Buying fresh fruits and vegetables from a local farm stand not only demonstrates healthy eating habits to children, it can teach them the value of supporting local agriculture. If we’re lucky, the trip to the farm can result in a few cherished memories. There is no denying that tomatoes or lettuce picked the same day taste better than the produce purchased from the grocery store. If you’ve ever had the pleasure of harvesting food from a backyard garden rather than a refrigerator, you will agree that the “chore” itself could be as fun as the food was tasty. I remember picking vegetables with my grandfather; he taught me how to choose the ripest and sweetest tomatoes and how to determine when peppers were ready to be picked. Even sweeter than those tomatoes are the memories of the experience that I still carry with me today.
By today’s standards, however, we are not always as diligent about taking time to smell the roses…or as the case may be, the basil. In our rush to complete all of our errands, making a special trip to a local farm, exclusively for the purpose of buying cucumbers and tomatoes, can seem like an added chore and one that could easily be eliminated, if we just purchased our produce at the local grocery store, along with all of the other items on our list. But sometimes, these everyday chores are the same ones that create an experience and in the process, a lasting memory, for children and parents, alike. If we eliminate these so-called chores, we may be denying ourselves and our children the pleasure of true, quality time spent together.
When you buy your fruits and vegetables from Colchester Neighborhood Farm, consider blocking out an extra 15 minutes or 30 minutes for the “chore” because it could easily turn into a fun and wonderful experience. Colchester Neighborhood Farm is a social enterprise in every sense of the word. Employing adults with developmental and intellectual disabilities who are more than happy to wait on their customers at the farm stand, they are also eager to show off their farm, which includes chickens, a friendly donkey named Dapple, and some goats and their babies…yes the kids love the kids! A visit to Colchester Neighborhood Farm is more than just buying fresh fruits and vegetables, it is an opportunity for our children to learn about agriculture, to see how their food is grown and where it comes from. And going home with a few good memories along with some fresh tomatoes, organically grown cucumbers, and a bouquet of fresh flowers isn’t bad either.
Simple Pattypan Bake (or “Zucchini Bake,” depending on what’s available OR can be thought of as “Meatless, Pasta-less Lasagna”, that’s how I presented it to my family so I didn’t have to use the word “squash” which they would have turned up their noses at, instead, they loved it!)
Two good-sized Patty Pan Squash Jar of Goat Ricotta Cheese 1-2 jars of Marinara Sauce 15-16 oz size 12 oz. Italian Blend Shredded Cheese (parmesan, asiago, provolone, etc.)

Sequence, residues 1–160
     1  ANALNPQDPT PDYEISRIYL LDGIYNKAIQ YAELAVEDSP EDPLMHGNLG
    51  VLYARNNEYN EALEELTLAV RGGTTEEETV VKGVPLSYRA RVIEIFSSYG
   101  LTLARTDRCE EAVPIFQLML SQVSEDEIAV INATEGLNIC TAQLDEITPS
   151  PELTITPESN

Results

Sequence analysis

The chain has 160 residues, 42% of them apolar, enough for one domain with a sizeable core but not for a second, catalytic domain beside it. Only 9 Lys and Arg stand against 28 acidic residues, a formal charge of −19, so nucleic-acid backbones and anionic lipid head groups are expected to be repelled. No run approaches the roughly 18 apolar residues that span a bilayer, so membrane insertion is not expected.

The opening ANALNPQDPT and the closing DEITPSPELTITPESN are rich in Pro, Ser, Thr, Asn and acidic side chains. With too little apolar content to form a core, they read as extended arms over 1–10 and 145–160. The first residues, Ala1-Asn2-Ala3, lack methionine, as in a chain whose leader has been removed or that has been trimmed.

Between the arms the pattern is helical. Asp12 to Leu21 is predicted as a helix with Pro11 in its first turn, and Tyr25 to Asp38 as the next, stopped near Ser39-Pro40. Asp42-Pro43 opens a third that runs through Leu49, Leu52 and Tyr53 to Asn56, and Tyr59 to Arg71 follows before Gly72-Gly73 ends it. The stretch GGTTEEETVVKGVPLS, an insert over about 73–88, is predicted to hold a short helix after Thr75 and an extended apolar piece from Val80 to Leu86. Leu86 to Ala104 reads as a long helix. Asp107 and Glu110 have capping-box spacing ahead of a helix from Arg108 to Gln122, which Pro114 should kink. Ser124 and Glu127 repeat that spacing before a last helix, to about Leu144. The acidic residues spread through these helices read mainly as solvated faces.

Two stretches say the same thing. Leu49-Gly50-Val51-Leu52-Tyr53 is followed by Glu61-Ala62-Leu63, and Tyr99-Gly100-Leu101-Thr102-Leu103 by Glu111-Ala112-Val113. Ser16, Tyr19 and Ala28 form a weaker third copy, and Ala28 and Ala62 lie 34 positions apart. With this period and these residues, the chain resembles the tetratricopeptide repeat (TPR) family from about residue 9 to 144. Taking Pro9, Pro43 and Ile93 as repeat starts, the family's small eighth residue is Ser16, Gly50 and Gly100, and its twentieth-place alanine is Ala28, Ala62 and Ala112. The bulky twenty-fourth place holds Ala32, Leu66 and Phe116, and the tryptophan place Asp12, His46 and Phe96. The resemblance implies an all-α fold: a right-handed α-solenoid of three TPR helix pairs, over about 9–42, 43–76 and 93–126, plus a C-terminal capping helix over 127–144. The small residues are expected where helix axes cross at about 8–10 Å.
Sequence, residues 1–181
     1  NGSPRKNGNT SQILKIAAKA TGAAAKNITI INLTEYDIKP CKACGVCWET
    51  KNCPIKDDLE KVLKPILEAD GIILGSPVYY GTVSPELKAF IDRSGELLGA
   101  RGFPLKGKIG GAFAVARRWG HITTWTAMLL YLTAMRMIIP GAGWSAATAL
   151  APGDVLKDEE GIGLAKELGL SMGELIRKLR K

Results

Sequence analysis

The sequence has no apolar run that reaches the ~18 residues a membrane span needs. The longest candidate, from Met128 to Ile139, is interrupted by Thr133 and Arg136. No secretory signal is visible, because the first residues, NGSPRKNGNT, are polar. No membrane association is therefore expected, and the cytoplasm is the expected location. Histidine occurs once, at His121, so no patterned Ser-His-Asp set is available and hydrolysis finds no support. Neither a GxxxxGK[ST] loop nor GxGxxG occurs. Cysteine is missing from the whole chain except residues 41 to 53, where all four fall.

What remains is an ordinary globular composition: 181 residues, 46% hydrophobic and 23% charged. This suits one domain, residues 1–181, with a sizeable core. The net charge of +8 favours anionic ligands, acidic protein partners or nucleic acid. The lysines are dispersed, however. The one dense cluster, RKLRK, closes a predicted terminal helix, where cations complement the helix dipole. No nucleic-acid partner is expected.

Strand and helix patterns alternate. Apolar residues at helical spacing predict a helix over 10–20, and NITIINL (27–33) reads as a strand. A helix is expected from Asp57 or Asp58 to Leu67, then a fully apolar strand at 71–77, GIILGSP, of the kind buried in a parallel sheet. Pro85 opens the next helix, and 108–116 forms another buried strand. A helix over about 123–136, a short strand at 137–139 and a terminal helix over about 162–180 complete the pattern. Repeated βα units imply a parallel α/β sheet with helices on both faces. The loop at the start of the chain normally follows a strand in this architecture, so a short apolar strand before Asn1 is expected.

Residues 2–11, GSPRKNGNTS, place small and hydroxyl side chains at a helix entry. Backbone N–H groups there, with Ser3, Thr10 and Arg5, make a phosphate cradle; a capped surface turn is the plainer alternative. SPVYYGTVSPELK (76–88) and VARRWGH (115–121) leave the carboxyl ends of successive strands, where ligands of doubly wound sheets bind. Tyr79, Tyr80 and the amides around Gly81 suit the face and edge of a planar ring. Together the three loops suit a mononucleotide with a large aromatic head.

Preheat oven to 350 degrees. Slice the patty pan squash in half, now place each half on the cut end, and slice into half circles, about 1/8″ thick. [Tip: to reduce liquid in the final product, you can rub the slices with 1/2 teaspoon course salt, and place in strainer in the sink for 30 min. I didn’t because I don’t mind it a little “juicy”.]
Place a little sauce in the bottom of a 13×9 pan, just enough to cover. Layer half the squash around the bottom of the pan, spoon sauce – about a cup — and spread it to cover the squash, sprinkle half the ricotta cheese, then sprinkle about 1/2 cup shredded cheese. Repeat layering of squash, ricotta, sauce and shredded cheese.
You can really do some nice things with this, including using some of your fresh basil from the farm share!
You’ll need a short, wide Jack-o-Lantern type pumpkin shaped like a casserole dish. Make sure it has a little stem for a handle!
Salt and Pepper
3/4 – 1 lb. Ground Beef
1 Medium onion, chopped
About 3 lbs. potatoes
1/2 C. spaghetti sauce
1 1/2 C. Cheddar Cheese, cubed
Milk and butter
Cut the top and hollow out the pumpkin as you would for a Jack-o-Lantern. Roast the seeds if you like.
Pierce the inside flesh generously with a fork. Pour in 1/8 C. salt and rub in. Let it sit on the counter for a couple hours. This softens and flavors the pumpkin.
Meanwhile, sauté the beef and onion, drain off grease and set aside.
Make mashed potatoes as you normally would adding the salt, pepper, milk and butter. Mash coarsely, leaving some lumps and set aside.
Cube the cheese and set aside.
Pre-heat oven to 350. Rinse pumpkin inside and out and set it on a rack in a roasting pan. Put about 1/2 inch of water in bottom of pan.
Layer the beef, potatoes, and cheese 2 to 3 times filling the pumpkin. Top with the sauce. Put the top on your pumpkin and roast for 1 1/2 hrs.
To serve, slice the pumpkin horizontally so everyone can get a semi-circle of roasted pumpkin to eat with the filling. Don’t eat the rind.
This is a special, fall dish that has become a favorite in my family. My kids affectionately call it “Pumpkin Mush”.